Here’s what studies suggest and what. In short, increasing vitamin D intake may promote weight loss, although more research is needed before any meaningful conclusions can be drawn. All the vitamin D that the body needs can be absorbed from the sun. Vitamin D helps keep bones strong and keeps hormone levels balanced.
Some evidence also suggests that vitamin D helps reduce body fat. Obesity is considered a risk factor for low vitamin D levels. Because most diets are deficient in vitamin D, supplements are recommended. Sources of vitamin D include fish, egg yolk, and fortified cereals.
The vitamin is then processed by your liver, followed by your kidneys, so it is actively ready for the body. Finally, higher vitamin D levels may be associated with higher testosterone levels, which could lead to weight loss (1. This indicates that your vitamin D requirement depends on body size, meaning that obese people need more than normal-weight people to achieve the same blood levels. In addition, some evidence suggests that increasing levels of vitamin D in the blood may reduce body fat and promote weight loss. A study of over 4,600 older women found that higher vitamin D levels were associated with lower weight gain between visits during the 4.5-year study (1. Also note that if you’re taking vitamin D supplements, the pills in a drugstore aren’t regulated by the Food and Drug Administration (FDA) before they’re marketed.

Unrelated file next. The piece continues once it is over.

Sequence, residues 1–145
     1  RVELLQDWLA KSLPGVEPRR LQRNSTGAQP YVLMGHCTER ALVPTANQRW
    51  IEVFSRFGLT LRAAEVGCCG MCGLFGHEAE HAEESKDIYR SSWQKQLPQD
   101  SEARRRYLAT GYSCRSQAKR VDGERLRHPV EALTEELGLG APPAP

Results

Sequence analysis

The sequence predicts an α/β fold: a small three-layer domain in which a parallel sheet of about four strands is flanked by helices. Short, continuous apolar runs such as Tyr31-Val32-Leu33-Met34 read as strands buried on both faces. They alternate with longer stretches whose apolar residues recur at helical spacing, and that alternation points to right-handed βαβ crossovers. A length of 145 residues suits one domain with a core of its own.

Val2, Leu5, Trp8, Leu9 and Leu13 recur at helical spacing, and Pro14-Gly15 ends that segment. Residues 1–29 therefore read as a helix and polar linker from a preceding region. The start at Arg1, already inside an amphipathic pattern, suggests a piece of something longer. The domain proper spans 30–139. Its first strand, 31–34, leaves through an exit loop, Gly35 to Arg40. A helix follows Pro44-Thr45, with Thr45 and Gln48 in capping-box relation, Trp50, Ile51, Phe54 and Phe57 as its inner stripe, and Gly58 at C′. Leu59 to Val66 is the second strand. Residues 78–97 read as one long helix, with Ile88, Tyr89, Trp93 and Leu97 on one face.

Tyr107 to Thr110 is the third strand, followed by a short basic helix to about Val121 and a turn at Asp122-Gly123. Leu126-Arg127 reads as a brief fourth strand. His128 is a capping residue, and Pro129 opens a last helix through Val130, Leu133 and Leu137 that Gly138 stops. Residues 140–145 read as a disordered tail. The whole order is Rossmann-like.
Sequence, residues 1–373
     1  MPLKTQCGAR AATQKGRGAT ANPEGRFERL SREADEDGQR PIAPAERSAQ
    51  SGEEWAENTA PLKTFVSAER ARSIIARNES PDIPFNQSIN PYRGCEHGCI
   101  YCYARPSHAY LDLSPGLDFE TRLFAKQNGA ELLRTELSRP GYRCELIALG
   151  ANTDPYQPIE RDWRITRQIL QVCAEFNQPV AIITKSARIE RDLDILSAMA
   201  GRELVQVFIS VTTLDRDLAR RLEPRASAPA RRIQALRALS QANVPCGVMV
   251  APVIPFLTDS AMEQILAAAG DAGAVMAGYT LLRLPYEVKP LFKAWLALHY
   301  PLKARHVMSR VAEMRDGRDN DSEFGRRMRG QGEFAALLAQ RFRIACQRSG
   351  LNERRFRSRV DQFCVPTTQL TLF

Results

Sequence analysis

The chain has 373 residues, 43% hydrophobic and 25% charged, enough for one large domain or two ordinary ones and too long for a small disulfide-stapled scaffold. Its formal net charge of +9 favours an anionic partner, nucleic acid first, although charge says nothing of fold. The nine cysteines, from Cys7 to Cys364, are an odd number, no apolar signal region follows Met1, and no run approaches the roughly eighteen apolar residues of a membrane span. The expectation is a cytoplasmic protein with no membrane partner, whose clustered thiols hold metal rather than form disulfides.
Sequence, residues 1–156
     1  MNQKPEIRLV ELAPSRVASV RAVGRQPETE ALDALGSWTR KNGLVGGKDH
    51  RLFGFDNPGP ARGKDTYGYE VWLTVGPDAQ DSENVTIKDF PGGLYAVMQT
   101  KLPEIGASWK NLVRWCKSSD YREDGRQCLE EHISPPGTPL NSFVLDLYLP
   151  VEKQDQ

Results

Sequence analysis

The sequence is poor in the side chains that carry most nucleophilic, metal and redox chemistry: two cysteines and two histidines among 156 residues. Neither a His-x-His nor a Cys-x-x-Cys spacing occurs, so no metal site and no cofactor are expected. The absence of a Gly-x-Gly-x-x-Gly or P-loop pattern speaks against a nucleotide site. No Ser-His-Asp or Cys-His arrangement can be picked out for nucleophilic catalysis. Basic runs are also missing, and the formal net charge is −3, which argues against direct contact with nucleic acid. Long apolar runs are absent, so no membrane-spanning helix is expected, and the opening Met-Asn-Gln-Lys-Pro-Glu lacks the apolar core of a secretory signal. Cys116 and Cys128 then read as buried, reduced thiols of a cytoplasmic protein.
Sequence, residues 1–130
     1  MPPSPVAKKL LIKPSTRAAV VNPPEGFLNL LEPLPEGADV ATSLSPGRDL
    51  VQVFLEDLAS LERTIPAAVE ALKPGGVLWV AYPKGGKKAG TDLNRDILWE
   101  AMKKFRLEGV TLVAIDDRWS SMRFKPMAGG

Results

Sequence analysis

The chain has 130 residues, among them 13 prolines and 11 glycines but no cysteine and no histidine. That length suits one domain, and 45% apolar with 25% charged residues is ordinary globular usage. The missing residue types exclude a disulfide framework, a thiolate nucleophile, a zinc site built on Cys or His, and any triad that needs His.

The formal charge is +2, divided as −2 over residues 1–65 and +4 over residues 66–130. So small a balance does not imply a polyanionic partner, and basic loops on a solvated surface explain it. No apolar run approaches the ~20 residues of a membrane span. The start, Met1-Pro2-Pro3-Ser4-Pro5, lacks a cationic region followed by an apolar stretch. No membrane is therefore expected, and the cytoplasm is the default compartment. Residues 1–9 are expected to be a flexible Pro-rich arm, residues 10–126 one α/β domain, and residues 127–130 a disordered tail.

For one thing, too little vitamin can affect your mood (which could already be negative due to these uncertain times), according to the Cleveland Clinic. Getting enough vitamin D can keep your hormone levels under control and help promote weight loss and reduce body fat. The authors, including McTiernan, discovered a link between vitamin D and greater weight loss. Supplementing your diet with vitamin D is another way to reach the NIH’s recommended amount of 15 micrograms, or 600 international units (IU), per day for people ages 1 to 70.
Compared to people with lighter skin, black people have more melanin in their skin, which affects the body’s ability to synthesize vitamin D. Losing weight, in turn, can increase vitamin D levels and help you maximize its other benefits, such as maintaining strong bones and protecting against disease (29, 30). Depending on your body weight, this figure could therefore be much higher than the current standard limit of 4,000 IU per day. According to the National Institutes of Health, adults need at least 600 IU (15 mcg) of vitamin D daily.
At certain latitudes, the skin can only produce very little vitamin D for up to six months a year (. Losing weight is a combination of diet and exercise. The less body mass a person has to move, the less stress on muscles and bones.